Reykjavik is the capital of whichever country


On this page you will find a small city guide with an overview of the development of the Icelandic capital into a metropolis as well as information on the most important sights and accommodation options. In a separate picture gallery you will find numerous photos from the Icelandic capital with further information on the respective sights.

Development of the city

When the Viking Ingólfur Arnason heard of a land in the west over the sea in the ninth century AD, he decided to leave Norway, which was less peaceful at the time, and settle in Iceland. During the crossing he had loaded the pillars of his house from Norway, on the ends of which, as was customary at the time, the head of the Germanic god Thor was carved. According to the custom of the time, Ingólfur threw the raised pillars into the water off the coast of Iceland to boil at the point where they were washed ashore. In the first few years Ingólfur settled on an offshore island in the southeast of Iceland. This still bears his name today and is called Ingólfshöfði. However, after a few years, Ingólfur's slaves discovered the perch pillars in a bay further west. Because of the steaming springs in the distance, Ingólfur gave it the name Rauchbuch - Reykjavík. This was the beginning of the settlement of Iceland in the year 874 and Ingólfur Arnason is considered to be the first permanent settler on the North Atlantic island.

In the centuries that followed, Reykjavik did not play a major role in the history of the country. It was not until 1786 that Reykjavik was granted city rights, although the settlement only had 170 inhabitants at that time. After the Icelandic parliament “Althing” was initially dissolved in 1800 and reinstated in 1843 in the course of Iceland's independence movement and relocated to Reykjavik, today's capital gained in importance. In the 19th and especially the 20th century, there was a rapid upswing into a metropolis. In 1910, only around 15,000 people lived in the greater Reykjavik area. By 1950 there were already over 65,000 inhabitants. Today the capital region has around 222,000 people, around 125,000 of whom live directly in Reykjavik. The suburb of Kópavegur has around 36,000 and Iceland's third largest city Hafnafjörður around 29,000 inhabitants. Another 32,000 people live in other localities. Around 64% of the Icelandic population live in the greater Reykjavik area.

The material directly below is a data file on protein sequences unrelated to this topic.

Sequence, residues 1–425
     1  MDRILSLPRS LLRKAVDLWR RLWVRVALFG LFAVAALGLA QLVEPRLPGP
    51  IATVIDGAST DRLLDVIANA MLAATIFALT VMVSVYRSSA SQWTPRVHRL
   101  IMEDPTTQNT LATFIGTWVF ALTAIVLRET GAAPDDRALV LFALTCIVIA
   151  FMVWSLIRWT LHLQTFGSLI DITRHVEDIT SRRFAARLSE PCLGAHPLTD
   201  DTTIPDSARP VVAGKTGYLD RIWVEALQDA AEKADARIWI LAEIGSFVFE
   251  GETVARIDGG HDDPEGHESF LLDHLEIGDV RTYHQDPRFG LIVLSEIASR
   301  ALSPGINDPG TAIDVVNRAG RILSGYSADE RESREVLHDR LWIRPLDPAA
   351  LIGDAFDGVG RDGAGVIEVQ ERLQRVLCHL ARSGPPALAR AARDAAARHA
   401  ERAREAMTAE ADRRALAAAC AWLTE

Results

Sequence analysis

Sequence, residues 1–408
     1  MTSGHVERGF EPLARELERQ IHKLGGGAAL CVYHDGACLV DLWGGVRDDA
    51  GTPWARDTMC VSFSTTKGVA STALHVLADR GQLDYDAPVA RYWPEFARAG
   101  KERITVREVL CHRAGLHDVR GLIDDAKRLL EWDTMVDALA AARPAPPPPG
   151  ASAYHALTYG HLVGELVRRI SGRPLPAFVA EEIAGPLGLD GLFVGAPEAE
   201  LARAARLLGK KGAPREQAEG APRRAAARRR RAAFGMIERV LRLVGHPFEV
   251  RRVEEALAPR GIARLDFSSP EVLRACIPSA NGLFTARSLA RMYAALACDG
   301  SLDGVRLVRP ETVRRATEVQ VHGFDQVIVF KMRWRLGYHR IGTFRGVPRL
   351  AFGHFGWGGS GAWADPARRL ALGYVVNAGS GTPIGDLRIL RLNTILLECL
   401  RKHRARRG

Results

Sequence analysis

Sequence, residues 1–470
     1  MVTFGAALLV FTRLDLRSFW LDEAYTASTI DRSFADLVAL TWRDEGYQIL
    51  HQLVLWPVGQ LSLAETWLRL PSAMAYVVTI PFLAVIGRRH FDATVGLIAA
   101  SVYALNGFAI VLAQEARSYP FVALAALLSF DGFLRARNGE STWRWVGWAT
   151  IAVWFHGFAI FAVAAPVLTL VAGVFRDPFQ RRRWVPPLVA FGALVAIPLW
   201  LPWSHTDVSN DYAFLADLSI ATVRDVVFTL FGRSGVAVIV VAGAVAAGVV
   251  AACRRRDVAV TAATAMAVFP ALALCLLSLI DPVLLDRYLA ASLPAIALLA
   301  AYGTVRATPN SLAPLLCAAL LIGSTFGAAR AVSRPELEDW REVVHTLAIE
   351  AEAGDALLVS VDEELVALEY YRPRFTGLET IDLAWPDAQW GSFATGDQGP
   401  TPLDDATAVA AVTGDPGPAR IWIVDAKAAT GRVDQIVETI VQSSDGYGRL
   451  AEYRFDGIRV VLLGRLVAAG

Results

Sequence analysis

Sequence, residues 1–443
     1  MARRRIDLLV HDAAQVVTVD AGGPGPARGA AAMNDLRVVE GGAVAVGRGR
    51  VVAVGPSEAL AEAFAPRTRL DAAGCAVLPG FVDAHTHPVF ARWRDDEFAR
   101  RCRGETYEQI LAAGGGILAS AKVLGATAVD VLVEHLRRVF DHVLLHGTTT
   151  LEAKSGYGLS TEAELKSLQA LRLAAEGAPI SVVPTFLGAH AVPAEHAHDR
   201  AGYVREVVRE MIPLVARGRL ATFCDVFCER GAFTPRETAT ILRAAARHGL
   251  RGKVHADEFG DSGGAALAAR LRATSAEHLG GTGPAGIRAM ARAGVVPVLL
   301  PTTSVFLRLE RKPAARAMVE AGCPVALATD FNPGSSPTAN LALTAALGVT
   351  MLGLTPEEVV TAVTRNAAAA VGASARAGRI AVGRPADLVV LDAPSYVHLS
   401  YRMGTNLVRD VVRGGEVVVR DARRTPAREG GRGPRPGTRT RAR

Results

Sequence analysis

Reykjavik was in the headlines of the world press especially in 1986, when US President Ronald Reagan and Soviet party leader Mikhail Gorbachev met in the Höfði house to negotiate disarmament treaties. In 2000 Reykjavik was the European Capital of Culture.

Tourist Attractions

The symbol of the city is the Hallgrímskirkja. Construction of the church began in 1945. But it was only inaugurated in 1986. With 1,200 seats, it is the largest church in Iceland. The bell tower is 73 m high and offers a beautiful view over Reykjavik. Are also worth seeing Dómkirkjan, the city lake Tjornin and the new one town hall, on the ground floor of which there is a large, three-dimensional map of Iceland. All these sights are located in the old town and can be easily reached in a few minutes on foot.